Decades later, the creation of the National Energy Board in the face of rising oil prices once again raised frustrations in the west, Garcea says.
“What the [Pierre] Trudeau government was trying to do was try and provide a supply for Canada, at a reasonable price, and to some extent influence exports,” Garcea said.
“He believed he was doing it in the national interest, but the west, and particularly Alberta, felt that it was for the national interest against the provincial interest, or the regional interest.”
Garcea said the renewed sense of western alienation now stems from the stalled Trans Mountain Pipeline project and government policies like the carbon tax.
Representation in Ottawa
Earlier this year, Peter Downing — a spokesperson for the pro-western separation group Prairie Freedom Movement — told CBC Radio the west is under-represented in Ottawa.
Downing said electoral realities favour the east and now is the time for industries in Western Canada — like the agriculture and oil and gas sectors — to take a stand.
Jim Farney, the head of the politics and international studies department at the University of Regina, said part of the reason people in Western Canada may feel their voices aren’t being heard boils down to demography.
“Alberta in particular has grown, but we’re still only about a seventh of the Canadian population, if you look at the three Prairie provinces,” he said. “It’s kind of not surprising that we get washed out.”
Farney said the sentiment that the centrist Liberal Party of Canada is “the natural governing party” has existed since the 1930s, even while the Prairie provinces have generally voted for conservative parties “pretty reliably.”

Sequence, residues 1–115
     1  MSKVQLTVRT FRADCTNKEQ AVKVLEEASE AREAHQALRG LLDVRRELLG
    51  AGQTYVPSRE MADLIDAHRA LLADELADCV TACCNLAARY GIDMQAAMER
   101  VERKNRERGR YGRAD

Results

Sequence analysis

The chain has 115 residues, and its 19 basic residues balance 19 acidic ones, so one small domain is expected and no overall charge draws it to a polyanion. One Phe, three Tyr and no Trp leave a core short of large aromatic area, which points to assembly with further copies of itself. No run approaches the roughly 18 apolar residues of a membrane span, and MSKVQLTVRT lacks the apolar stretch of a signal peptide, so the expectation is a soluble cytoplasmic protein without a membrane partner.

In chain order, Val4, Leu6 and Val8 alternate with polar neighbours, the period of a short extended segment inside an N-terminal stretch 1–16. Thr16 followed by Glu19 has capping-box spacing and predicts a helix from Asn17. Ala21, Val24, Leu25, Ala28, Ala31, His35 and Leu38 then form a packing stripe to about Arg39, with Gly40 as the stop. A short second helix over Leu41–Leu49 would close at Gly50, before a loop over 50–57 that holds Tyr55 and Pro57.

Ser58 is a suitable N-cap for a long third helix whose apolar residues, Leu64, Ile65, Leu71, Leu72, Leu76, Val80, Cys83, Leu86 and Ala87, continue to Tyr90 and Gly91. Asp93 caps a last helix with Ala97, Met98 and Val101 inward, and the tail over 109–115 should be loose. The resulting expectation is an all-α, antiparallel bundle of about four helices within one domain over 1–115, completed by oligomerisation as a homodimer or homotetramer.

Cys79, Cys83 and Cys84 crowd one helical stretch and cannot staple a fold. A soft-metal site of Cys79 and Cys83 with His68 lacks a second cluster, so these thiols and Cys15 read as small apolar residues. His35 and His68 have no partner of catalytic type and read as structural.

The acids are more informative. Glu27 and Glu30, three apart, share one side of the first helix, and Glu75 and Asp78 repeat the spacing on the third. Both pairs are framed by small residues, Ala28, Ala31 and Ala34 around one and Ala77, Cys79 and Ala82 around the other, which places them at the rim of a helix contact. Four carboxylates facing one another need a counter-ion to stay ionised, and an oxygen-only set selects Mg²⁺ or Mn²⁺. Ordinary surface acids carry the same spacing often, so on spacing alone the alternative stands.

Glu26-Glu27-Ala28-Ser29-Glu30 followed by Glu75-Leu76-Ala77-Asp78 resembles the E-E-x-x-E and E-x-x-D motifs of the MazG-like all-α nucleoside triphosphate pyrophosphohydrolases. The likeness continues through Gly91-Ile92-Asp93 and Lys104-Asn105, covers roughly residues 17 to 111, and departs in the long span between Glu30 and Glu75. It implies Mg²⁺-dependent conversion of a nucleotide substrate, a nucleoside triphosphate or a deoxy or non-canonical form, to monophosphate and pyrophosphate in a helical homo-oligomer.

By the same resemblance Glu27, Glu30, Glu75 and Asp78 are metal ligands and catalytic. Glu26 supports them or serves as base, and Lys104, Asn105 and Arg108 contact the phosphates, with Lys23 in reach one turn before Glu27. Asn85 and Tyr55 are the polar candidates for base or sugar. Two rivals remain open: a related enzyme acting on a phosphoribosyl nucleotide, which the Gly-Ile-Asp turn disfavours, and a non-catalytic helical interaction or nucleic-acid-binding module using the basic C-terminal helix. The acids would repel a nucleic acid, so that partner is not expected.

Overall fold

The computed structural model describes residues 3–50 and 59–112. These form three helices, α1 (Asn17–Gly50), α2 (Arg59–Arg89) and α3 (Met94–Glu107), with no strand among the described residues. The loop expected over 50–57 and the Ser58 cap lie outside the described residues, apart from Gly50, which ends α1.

Farney said today’s alienation isn’t like what was seen in the 1980s, but it still exists.
“A lot of it is bound up with energy policy, a lot of it’s bound up with provincial opposition to the carbon tax,” he said.
“I think it’s important to distinguish between, let’s say, the normal bumping back and forth between federal and provincial relations … and a full-blown separatist movement.”
Is separation feasible?
Farney said the west has never seen a separatist movement on the scale of the Quebec separatist movement, and while western separatist parties have existed, they’ve been “pretty far out on the fringes.”
He doesn’t think the west is at a point in history where it’s going to separate, nor does he think it is moving in that direction — but he wouldn’t rule out the possibility entirely.
“Anything can be a reality, if you’re watching Brexit right now,” Farney said.
Downing told CBC’s Saskatoon Morning that the Prairie Freedom Movement was in the process of commissioning a study to look at the feasibility of western separation.
But Farney says he feels separation “is pretty unlikely,” in part because of Canada’s geography.
“The kind of alienation that’s out there in the Prairies isn’t being reflected in B.C. so much. It’s hard to imagine a landlocked Prairie country solving the economic problems that seem to drive much of what’s going on.”